Take You Back

The reason why I stand
The answer lies in You
You hung to make me strong
Though my praise was few
When I fall I bring Your name down
But I have found in You
A heart that bleeds forgiveness
replacing all these thoughts of painful memories
But I know that Your response will always be

I’ll take you back always
Even when your fight is over now
I’ll take you back always
Even when the pain is coming through
I’ll take you back

Take You Back ~ Jeremy Camp

We are imperfect beings sent to live on an imperfect world. We live, make mistakes, and grow from those experiences. God doesn’t expect us to be perfect. In fact, He expects us to make mistakes. Of course that’s not saying He condones our failures, but He knows we will always fall short. It’s inevitable.

For all have sinned, and come short of the glory of God (Romans 3:23)

But this doesn’t excuse us from not trying our hardest.

Be ye therefore perfect, even as your Father which is in heaven is perfect. (Matthew 5:48)

We are told to be perfect, as God is perfect. An impossibility, yes. But God is no dummy. We must strive for perfection. Ahhh, now that sounds a little bit easier, right? Well, maybe not, but at least it makes more sense.

To be completely honest, however, I’m absolutely terrible at this whole ‘striving for perfection’ thing. Even more candidly, I often feel like a failure. But such thoughts do not come from the Big Man Upstairs. More specifically, the source of that negativity is the small man in the basement, Satan himself. He wants us to feel as though we cannot return to the straight and narrow path. It’s too late to turn back around. It’s too far to walk back. Its no use, you’ll just miss it and stray from the path again. Perhaps Satan’s most deceitful lie is the idea that Jesus doesn’t want us back. But who did Jesus spend the majority of His ministry chillin’ out with? The publicans and sinners!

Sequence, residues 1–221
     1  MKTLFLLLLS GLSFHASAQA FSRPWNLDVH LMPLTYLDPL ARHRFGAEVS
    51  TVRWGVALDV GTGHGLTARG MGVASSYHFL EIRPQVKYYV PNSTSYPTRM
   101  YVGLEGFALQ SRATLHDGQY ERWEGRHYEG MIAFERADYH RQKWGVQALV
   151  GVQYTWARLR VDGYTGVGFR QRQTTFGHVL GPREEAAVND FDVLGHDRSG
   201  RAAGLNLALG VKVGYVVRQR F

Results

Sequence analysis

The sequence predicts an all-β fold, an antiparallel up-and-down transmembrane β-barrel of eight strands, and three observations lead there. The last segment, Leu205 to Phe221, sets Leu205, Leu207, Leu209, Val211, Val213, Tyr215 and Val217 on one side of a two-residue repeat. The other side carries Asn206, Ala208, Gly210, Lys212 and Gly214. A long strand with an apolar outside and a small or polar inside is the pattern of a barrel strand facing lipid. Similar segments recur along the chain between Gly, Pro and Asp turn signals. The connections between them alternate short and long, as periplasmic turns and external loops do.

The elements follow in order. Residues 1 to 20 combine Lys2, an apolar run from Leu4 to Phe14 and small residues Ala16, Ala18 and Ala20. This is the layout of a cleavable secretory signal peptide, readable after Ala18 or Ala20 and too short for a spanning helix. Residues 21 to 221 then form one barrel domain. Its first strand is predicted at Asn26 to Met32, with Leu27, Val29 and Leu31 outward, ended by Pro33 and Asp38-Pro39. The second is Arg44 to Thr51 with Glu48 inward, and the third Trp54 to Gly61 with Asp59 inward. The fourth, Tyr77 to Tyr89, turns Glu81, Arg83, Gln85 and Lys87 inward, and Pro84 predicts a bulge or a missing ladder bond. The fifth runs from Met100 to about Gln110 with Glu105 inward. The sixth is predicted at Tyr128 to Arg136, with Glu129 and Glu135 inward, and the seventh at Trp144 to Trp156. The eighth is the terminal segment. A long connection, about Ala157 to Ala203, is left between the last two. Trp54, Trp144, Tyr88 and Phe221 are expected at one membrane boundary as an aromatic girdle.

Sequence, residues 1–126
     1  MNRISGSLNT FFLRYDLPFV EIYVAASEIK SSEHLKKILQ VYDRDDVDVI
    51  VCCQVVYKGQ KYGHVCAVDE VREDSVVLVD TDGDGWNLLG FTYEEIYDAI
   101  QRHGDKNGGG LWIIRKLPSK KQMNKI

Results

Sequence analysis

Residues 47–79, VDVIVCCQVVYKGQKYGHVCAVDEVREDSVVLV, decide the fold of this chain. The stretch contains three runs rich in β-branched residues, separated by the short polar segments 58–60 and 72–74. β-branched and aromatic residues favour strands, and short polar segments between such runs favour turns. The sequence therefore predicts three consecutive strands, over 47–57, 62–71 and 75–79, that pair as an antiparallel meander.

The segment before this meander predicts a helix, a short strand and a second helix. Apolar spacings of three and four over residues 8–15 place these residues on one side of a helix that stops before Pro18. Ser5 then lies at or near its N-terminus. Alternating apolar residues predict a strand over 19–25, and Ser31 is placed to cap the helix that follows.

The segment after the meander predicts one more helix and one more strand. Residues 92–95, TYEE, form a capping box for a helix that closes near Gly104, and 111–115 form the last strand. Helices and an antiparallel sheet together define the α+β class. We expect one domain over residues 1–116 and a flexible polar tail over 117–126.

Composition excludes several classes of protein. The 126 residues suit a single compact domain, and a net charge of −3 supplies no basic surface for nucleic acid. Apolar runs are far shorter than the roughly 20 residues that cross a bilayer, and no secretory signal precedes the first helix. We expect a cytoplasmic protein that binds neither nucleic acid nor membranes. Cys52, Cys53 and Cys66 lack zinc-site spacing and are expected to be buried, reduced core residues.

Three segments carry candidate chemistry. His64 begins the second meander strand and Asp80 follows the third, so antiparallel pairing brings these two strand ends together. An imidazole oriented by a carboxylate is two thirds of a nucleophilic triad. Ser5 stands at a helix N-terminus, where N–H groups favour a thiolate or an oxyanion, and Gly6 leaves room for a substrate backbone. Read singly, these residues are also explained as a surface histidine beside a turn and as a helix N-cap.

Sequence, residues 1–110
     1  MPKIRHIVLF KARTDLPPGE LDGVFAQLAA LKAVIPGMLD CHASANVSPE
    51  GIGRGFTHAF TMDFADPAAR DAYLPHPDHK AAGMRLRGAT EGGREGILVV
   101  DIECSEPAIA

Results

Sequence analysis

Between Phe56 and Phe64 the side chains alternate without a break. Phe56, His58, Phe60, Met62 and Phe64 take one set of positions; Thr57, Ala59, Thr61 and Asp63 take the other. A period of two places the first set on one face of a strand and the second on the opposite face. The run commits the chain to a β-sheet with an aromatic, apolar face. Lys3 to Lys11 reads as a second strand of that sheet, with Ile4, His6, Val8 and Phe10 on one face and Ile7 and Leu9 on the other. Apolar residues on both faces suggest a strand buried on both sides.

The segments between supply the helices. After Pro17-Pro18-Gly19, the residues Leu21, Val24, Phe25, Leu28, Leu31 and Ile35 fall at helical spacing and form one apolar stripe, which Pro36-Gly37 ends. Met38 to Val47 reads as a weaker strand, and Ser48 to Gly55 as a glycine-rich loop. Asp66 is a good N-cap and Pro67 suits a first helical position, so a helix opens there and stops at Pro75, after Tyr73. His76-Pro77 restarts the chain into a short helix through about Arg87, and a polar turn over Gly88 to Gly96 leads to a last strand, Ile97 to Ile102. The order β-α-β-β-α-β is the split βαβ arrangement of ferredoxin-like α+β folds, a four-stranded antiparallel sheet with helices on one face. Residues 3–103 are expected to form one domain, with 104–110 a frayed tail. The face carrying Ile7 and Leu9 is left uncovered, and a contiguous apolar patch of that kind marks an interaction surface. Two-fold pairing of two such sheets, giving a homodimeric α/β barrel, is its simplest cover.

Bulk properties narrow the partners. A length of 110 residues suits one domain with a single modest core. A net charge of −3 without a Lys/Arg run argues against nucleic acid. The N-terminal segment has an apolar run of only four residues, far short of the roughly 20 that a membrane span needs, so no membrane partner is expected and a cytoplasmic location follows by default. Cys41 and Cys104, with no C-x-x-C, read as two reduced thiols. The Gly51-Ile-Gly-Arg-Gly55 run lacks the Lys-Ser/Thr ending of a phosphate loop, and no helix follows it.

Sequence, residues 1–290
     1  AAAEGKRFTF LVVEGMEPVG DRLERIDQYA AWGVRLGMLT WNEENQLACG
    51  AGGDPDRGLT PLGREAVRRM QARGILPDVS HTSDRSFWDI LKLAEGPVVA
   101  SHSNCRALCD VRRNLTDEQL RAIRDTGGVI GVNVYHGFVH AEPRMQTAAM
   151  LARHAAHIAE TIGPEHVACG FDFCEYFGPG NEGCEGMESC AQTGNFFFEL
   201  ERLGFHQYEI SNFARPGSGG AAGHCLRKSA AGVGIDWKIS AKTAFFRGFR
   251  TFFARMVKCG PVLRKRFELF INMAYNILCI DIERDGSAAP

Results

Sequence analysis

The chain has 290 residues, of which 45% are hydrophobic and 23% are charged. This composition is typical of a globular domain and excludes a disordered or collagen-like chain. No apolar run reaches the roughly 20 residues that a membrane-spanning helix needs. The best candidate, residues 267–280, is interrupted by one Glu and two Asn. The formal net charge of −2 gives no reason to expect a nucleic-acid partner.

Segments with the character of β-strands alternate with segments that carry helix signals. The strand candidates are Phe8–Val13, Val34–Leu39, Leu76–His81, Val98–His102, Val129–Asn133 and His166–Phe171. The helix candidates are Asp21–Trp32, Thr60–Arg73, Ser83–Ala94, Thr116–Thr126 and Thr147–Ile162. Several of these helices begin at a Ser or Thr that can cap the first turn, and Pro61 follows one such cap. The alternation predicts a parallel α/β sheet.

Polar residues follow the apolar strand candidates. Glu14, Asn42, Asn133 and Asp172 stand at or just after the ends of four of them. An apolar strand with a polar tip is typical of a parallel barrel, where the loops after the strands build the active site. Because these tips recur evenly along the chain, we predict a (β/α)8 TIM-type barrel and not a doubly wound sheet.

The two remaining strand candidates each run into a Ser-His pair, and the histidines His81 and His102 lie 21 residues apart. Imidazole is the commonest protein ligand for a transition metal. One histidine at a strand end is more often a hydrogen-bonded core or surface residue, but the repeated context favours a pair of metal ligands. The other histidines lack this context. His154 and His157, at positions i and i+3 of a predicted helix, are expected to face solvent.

When Jesus heard it, he saith unto them, They that are whole have no need of the physician, but they that are sick: I came not to call the righteous, but sinners to repentance. (Mark 2:17)

Satan would have us believe that Jesus will not take us back, but that couldn’t be farther from the truth. Jesus will always take us back, so long as we repent and have faith in Him. Jesus said to take His yoke upon us and we will find rest. Allow Him to carry your burdens. He suffered and died for us. He took our sins upon Himself. He wants us to turn to Him and place our troubles upon His shoulders. So let’s allow Him to do us. Let’s use the atonement of Christ. Let’s repent and follow Him. He will always take us back.

Privileges

Growing up, I attended church… mostly because my parents made me, and I liked to hang out with my friends. Church really wasn’t a spiritual thing for me, and if I could find a reason to not go, I exploited it. I remember one weekend when I was thirteen, I got a bad sunburn on my shoulders and used that as my excuse. I was convinced I had gotten away with it until a couple of my youth leaders showed up at the front door and made me come to church with them.

We moved to south-central Idaho when I was fifteen. Once again, church was more of a chore, something I was obliged to do. On top of that my family didn’t feel entirely welcome in our congregation. I made friends though, and they were the main reason I tolerated it.

Shortly after we moved, my dad lost his job and we eventually could no longer remain there. We got split up a little bit. My mom and I moved to Idaho Falls, my sister was going to college, my brother was living in Provo, Utah, and my dad moved to Salt Lake City to stay with some relatives while he looked for a job. This time around, I said “screw it” to church. Pardon the French, but that’s honestly how I felt. My mom worked just about every night, so we she was busy trying to regain her energy Sunday morning. I, on the other hand, had no such excuse. The meetinghouse was only a mile and a half away, and I could easily have attended by myself, but I didn’t. I simply didn’t care.